Inletkeeper’s Notice of Intent to Sue is meant to provide a back-stop in the event Hilcorp opts to continue to put profits over fish, wildlife and water quality in Cook Inlet, and to press Hilcorp to address the larger issue of relying on antiquated infrastructure as part of its Cook Inlet business model.
Scott Pruit Climate Denier EPA Administrator Cook Inlet Alaska
Exxon CEO Rex Tillerson had his first confirmation hearing for the Secretary of State position before the U.S. Senate Foreign Relations Committee on Wednesday, January 11. Now it’s time to tell our Senators Lisa Murkowski & Dan Sullivan to oppose this reckless nomination.
The Issue: Current rules do not allow Alaskans to review and comment on applications for oil & gas hydraulic fracturing (fracking) operations near their homes and communities. Get Involved: Cook Inletkeeper recently submitted a proposed rule to the Alaska Oil & Gas Conservation Council (AOGCC) that would require AOGCC to make fracking applications publicly available, and to provide Alaskans the opportunity to shape final permitting decisions.
That’s the question I’ve heard most since the election. We’ve read a lot of the post-mortems, talked to a lot of Alaskans, and spent many hours thinking, alone and with friends, about our world and where it’s going. This election turned our thinking on its head. All our assumptions about data and polling and analysis were wrong. That’s a pretty big gut-punch. Now, we’ve elected a President who believes climate change is a hoax.
The Alaska Department of Fish & Game (ADFG) is revising the management plan for Kachemak Bay and Fox River Flats Critical Habitat Areas. This process is now in the “scoping phase,” which means ADFG is looking for the issues it should address in the management plan revision. Scoping comments are due November 4
The Pebble Partnership has grabbed headlines recently by attacking an EPA scientist and claiming EPA somehow violated federal law by communicating with Alaskans. It’s all a phony story, of course, to pump up fear around the bogey man of “federal overreach.” But there’s a healthy dose of irony here, because while the Pebble people are crying foul on EPA, the proponent of the Chuitna coal strip mine in Upper Cook Inlet – Delaware-based PacRim Coal – has been actively working behind closed doors with the Corps of Engineers and other government agencies to get needed permits.
Inletkeeper is happy to have help for our new Food Hub project from our new intern Zandra Davis.
Salmon go beyond just being a food source and economic revenue. In keeping salmon healthy we need to keep their environment vigorous and their relationship with other species and ecosystems unharmed.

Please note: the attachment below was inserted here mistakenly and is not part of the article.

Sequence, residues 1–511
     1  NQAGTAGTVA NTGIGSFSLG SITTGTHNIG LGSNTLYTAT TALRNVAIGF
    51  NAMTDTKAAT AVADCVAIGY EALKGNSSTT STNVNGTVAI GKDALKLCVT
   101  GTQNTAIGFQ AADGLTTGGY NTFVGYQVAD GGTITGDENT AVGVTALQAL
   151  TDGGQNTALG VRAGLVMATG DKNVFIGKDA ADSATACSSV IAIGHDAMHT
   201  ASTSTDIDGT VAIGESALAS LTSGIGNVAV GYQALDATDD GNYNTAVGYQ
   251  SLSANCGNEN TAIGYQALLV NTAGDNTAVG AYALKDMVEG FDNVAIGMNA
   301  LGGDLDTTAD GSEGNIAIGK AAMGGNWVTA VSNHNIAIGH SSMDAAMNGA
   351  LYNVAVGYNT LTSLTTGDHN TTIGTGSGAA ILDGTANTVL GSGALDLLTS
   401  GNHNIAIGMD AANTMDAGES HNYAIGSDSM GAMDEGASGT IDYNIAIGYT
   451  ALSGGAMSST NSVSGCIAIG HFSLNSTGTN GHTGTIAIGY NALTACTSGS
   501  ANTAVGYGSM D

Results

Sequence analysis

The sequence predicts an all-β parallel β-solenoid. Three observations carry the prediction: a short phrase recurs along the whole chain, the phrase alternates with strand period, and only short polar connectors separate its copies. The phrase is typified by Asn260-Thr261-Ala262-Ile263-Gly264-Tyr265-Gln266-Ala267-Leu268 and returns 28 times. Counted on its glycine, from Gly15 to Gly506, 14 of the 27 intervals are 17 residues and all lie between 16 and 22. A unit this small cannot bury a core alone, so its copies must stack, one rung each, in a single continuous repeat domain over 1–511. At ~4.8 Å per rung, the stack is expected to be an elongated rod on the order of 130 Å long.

Inletkeeper is happy to welcome another Ted Smith Conservation intern! Maya Goodoni has joined our team for the summer, and as an environmental studies major, she brings skills to help us protect the watershed we all love.
BlueCrest Energy has proposed a fracking program at its Cosmopolitan Unit north of Anchor Point. The fracking target is about a mile and half deep, and over two miles offshore, so there’s little risk to drinking or surface waters. And BlueCrest plans to dispose of its fracking fluid wastewater in a regulated Class II disposal well on the Upper Peninsula. The BlueCrest fracking project has attracted considerable attention, but from Inletkeeper’s perspective, the greatest problems posed by more oil development don’t involve fracking in deep, offshore formations. Rather, the fact there’s zero production tax on Cook Inlet oil, on top of massive tax credits, means we’re almost giving away our publicly-owned resource. Furthermore, Inletkeeper sees climate change as the greatest threat to our people and planet, and we believe all oil and gas development has to stop so we can transition to a post-carbon economy around renewable energy.
Spruce trees that survived the bark beetle infestation years ago may now have to face off with the spruce aphid.
The Board of Game will soon consider a management plan for the Dude Creek Critical Habitat Area which will shape the future of Alaska’s critical habitat areas, fish and game refuges and wildlife sanctuaries for years to come. And we need you to weigh-in by March 16….
Wild salmon define who we are as Alaskans; they shape our cultures, they feed our families and they support our local economies. Yet today, Alaska’s laws and rules contain few hard and fast safeguards to protect the water and other habitat salmon need to thrive. More specifically, there is no requirement to retain sufficient water in our lakes and streams for salmon when a company wants to appropriate that water for an industrial or other use.
Premier of the film Super Salmon in Talkeetna
Urban salmon battle litter, culverts and fish passage issues, loss of stream-side habitat and alterations of natural river contours. But there’s another culprit: toxic copper dust from the brake pads on our cars and trucks.
Since 2010, Cook Inletkeeper and partners have been educating boaters and fishermen in the Susitna Valley on the importance of clean boating practices.
Join us December 5, 2015 at 7 PM at Alice's Champagne Palace in Homer to celebrate our 20th year protecting clean water, healthy salmon and a vibrant democracy in the Cook Inlet watershed!
Inletkeeper is spearheading the development of an online food hub business for the Kenai Peninsula to increase food security, decrease food miles, fight climate change and strengthen our local communities.
Recent mine waste accidents, which have occurred while the Environmental Protection Agency (EPA) was on site working, have resulted in a misleading game of finger pointing; but those who always rail against the “government” need to reconsider who the finger should be pointed at.